Porterfield beats Sanders in Schenectady council primary

Marion Porterfield coasted to an easy victory against fellow Democrat Robert Sanders in Thursday’s p

Marion Porterfield coasted to an easy victory against fellow Democrat Robert Sanders in Thursday’s primary for a City Council seat.

She won by more than 2 to 1. With all districts reporting in, she had 1,076 votes in informal results to Sanders’ 422 votes. There were also 18 write-ins.

It was the first vote Porterfield has ever won. The appointed councilwoman had the support of the Democratic leadership as the endorsed candidate, and she also recruited many newcomers to her campaign to deliver fliers and knock on doors.

The experience convinced her that she should serve as a mentor to political novices. She wants more “community members” to run for office.

“When I say that I don’t mean any ethnicity,” she said. “I mean people who aren’t career politicians.”

She talked up her credentials during the primary, telling voters that she isn’t a career politician. She was appointed to her council seat this year.

“I’ve been working for the community for a long time, so I’m not your average politician,” she said. “I know the value that people can bring to the table.”

She will now take on Republican Richard Patierne in the general election. The winner will take the council seat, but will have to run again next year for a full term.

Democratic committee chairman Richard Naylor said the primary helped the party get ready for the main campaign, particularly because it gave Porterfield time to get used to campaigning.

“I think it strengthened us,” he said. “Marion has come into her own with this primary. It got her into the zone and it got us out of the gate early. But also we expended a lot of resources.”

Democrats have won easily in recent years, but are cautious about this race. The Democrats lost one council seat last year to the Alliance Party, which has endorsed Patierne this year.

“I think it will be a challenge, but we’re up for that,” Naylor said, adding, “The Alliance Party is not what it used to be. It’s really just a name for Republicans.”

The Alliance has far fewer volunteers this year, but a few individuals have publicly said they’re dedicated to keeping it going.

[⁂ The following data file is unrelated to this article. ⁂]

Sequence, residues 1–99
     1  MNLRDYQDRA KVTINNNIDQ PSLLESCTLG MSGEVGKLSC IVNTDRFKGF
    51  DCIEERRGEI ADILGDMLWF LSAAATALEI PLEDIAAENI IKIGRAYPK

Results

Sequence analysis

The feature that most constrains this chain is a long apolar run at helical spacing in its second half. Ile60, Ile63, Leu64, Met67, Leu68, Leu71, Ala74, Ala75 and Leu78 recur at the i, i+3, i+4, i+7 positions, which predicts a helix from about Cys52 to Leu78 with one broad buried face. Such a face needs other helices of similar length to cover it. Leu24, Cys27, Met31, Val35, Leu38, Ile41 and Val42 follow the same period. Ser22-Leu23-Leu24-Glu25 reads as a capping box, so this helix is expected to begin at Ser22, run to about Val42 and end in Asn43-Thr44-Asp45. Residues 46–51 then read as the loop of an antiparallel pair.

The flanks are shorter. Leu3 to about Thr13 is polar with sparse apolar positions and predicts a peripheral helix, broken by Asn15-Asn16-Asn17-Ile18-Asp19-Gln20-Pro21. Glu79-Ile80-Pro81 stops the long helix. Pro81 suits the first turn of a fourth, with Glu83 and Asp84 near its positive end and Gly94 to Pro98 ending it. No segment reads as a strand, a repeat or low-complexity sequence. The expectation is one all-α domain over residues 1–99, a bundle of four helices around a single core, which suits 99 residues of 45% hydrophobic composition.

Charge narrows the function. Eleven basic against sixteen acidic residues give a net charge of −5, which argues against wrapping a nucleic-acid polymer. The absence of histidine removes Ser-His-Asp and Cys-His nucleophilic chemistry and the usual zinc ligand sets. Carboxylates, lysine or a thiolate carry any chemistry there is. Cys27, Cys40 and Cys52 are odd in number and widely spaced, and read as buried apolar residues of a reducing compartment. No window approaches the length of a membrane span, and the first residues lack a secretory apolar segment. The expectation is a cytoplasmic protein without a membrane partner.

Thursday’s results were a disappointment for Sanders. As an experienced campaigner, he had hoped for a better showing.

He criticized Porterfield for never agreeing to a debate — and not even releasing basic details, such as her age, to the public.

“I wanted to talk about the issues. Marion Porterfield didn’t want to debate. She didn’t want to tell anything about herself,” he said.

He also blamed her for mailings that described him untruthfully as a Tea Party member, among other depictions that he called “unbelievable” personal attacks.

“If this is what the Democrats want, fine,” he said. “If they’ve got to win by that, you know what that is? That’s them being Republicans.”

Originally, the Democrats had decided to have a primary because the committee could not choose between Porterfield, who is the first female African-American on the council, and John Mootooveren, who would have been the first Guyanese-American on the council.

Supporters for each seemed to be veering close to a debate over which ethnicity would be best for the council. That’s when the committee said neither would be endorsed, and the public would decide.

But Mootooveren dropped out, and the Democrats quickly endorsed Porterfield. The City Council also appointed her to the vacant seat on the council.

Then Sanders stepped up, saying he wanted Democrats to have a choice.

Sanders is the Democratic ward leader in the Woodlawn neighborhood.

Categories: Schenectady County

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